As Charlotte Allen points out here, required summer reading for college freshmen is often highly politicized. That goes double for freshmen introductory writing courses and textbooks. Teaching composition to new students ought to be an ideology-free effort, but for many years on many campuses it hasn’t been.
For example, take Ways of Reading: an Anthology for Writers, compiled by David Bartholomae and Anthony Petrosky of the University of Pittsburgh and first published in 1987. In its various editions (the eighth appeared this year), Ways has served up a steady diet of post-modernism, critical theory, post-colonial studies, identity politics, post structuralism, Marxism, hard-line feminism and other isms of the academic left. Featured authors have included Edward Said, Paolo Freire, Susan Bordo, Michel Foucault, Adrienne Rich, Stanley Fish and Patricia Williams.
Here and there, a mainstream writer appears: Virginia Woolf , Joyce Carol Oates and James Baldwin (all three gone in the current edition) as well as Walker Percy, who has survived several purges. But the ideological component is overwhelming, and meant to be. Ways of Reading is an immersion course for unsuspecting freshmen into the discourse and values of the academic far left. The basic message is: this is the way things are on this campus, so get used to it.
The essays are long and run from dense to nearly impenetrable. How freshmen, many of whom write poorly and need remedial help, are supposed to cope with this difficult, in-your-face anthology is obscure.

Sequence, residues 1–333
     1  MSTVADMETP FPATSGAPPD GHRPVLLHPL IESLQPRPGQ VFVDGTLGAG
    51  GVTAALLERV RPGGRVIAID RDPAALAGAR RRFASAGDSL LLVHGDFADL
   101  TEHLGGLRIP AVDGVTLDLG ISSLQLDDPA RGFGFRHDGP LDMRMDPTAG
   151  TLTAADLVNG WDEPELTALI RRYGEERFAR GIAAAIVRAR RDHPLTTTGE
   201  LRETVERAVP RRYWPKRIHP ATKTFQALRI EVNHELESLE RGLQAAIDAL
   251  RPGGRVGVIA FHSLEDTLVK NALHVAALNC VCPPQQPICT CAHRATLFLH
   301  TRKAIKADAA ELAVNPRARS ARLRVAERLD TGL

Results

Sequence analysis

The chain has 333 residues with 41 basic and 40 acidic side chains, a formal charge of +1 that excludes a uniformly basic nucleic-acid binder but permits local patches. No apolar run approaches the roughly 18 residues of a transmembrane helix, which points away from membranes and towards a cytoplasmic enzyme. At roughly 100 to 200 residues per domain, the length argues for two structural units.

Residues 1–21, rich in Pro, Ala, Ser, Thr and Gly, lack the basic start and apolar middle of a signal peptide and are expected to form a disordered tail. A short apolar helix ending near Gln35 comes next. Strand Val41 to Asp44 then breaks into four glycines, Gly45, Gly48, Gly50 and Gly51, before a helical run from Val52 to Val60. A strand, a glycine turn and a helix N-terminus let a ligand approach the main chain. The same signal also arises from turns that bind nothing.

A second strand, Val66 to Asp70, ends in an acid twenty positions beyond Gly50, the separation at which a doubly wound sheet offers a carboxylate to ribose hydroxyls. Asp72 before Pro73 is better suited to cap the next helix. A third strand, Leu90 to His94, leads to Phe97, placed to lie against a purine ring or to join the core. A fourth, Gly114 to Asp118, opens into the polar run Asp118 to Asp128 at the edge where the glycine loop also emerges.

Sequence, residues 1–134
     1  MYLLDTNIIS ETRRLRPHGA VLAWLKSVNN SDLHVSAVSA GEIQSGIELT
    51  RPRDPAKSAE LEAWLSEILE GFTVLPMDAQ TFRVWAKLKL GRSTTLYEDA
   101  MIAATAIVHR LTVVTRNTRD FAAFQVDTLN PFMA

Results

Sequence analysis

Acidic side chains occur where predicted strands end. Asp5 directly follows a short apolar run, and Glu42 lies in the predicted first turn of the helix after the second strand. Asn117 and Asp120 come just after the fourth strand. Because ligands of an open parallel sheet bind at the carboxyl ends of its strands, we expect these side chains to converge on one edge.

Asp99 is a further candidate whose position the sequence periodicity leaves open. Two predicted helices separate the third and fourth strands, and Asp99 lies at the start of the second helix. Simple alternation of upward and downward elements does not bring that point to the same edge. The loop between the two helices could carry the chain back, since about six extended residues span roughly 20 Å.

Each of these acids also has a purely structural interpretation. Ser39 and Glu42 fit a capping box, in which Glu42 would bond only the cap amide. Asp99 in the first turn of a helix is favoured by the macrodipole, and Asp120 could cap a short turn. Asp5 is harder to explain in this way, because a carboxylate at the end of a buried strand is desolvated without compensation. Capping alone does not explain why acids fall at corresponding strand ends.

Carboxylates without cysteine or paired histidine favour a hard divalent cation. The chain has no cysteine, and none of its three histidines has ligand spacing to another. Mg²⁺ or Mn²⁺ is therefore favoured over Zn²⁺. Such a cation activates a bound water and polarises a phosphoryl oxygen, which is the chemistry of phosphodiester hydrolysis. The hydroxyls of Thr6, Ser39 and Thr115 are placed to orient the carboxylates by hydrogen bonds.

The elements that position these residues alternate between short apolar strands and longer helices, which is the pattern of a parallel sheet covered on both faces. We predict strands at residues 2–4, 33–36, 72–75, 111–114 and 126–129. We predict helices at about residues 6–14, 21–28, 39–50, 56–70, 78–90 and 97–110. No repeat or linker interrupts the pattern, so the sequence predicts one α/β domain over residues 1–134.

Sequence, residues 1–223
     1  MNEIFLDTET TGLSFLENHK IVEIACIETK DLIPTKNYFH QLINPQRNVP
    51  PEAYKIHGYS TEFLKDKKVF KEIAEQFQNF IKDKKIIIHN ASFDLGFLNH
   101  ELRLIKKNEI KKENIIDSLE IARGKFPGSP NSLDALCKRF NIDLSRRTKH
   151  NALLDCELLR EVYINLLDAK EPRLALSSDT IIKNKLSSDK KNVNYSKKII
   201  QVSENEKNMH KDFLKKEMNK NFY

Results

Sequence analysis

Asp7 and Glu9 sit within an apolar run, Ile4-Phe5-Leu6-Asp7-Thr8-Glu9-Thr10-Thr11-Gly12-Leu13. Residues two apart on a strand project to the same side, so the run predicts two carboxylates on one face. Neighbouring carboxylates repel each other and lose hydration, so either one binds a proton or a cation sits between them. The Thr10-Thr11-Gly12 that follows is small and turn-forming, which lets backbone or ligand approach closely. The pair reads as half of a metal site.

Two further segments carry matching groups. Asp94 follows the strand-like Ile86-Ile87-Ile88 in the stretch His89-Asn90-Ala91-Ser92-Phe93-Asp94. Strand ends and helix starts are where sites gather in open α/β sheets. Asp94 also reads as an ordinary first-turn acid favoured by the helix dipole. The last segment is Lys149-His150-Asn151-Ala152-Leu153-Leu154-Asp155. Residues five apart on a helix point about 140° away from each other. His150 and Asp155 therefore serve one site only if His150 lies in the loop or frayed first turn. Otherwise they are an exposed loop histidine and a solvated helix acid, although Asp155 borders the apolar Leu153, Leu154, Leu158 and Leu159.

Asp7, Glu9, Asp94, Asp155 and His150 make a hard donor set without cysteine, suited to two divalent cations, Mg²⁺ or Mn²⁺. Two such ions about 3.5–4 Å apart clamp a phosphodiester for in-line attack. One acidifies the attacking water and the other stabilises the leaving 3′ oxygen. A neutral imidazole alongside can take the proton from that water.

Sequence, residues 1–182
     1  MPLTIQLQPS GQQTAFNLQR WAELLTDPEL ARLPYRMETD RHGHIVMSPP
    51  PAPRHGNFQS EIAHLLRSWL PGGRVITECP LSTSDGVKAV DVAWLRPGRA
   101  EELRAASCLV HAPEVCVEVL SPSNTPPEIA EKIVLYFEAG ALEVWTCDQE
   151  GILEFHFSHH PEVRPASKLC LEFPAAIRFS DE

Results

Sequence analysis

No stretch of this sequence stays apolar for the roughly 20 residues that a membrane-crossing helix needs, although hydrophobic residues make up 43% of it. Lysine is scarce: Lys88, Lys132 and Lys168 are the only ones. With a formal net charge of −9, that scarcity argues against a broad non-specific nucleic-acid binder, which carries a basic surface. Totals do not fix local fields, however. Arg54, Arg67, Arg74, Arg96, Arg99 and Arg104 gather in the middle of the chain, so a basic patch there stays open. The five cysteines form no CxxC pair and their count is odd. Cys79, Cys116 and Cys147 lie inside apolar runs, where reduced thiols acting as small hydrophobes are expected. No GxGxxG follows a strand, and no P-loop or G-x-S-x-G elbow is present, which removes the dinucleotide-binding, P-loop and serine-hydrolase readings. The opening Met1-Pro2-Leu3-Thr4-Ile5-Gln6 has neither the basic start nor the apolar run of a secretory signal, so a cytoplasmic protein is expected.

Assessments of the book are hard to find. In 2004, a freshman wrote to Amazon, “The book is basically a leftist handbook meant to tell the ‘proper opinion’ on every issue.” Presumably many professors adopt the book because it reflects their values and legitimates “transformative teaching” (indoctrination). Tom Kerr, writing in 2001 as an assistant professor at Ithaca College, saw the text “as a way not only of reading but also of proselytizing and subverting the mind-numbing, consumer/capitalist/fascist/sexist/racist/classist ideologies that surrounded us in the form of American mythologies and mass culture.” Kerr approvingly called the book “a kind of postmodern tough love,” “a cultural war machine” and “a multicultural boot camp.” (Not much emphasis here on teaching freshmen how to write.) Still , he thought the book’s negatives outweighed the positives. “For many in its highly diverse audience,” he wrote Ways of Reading is apt to yield more dutiful conformity than critical creativity and, as likely as not, leave the audience dumbfounded.” More importantly, imposing a one-sided ideology on a writing class is remarkably contemptuous of the students involved. Call it intellectual waterboarding.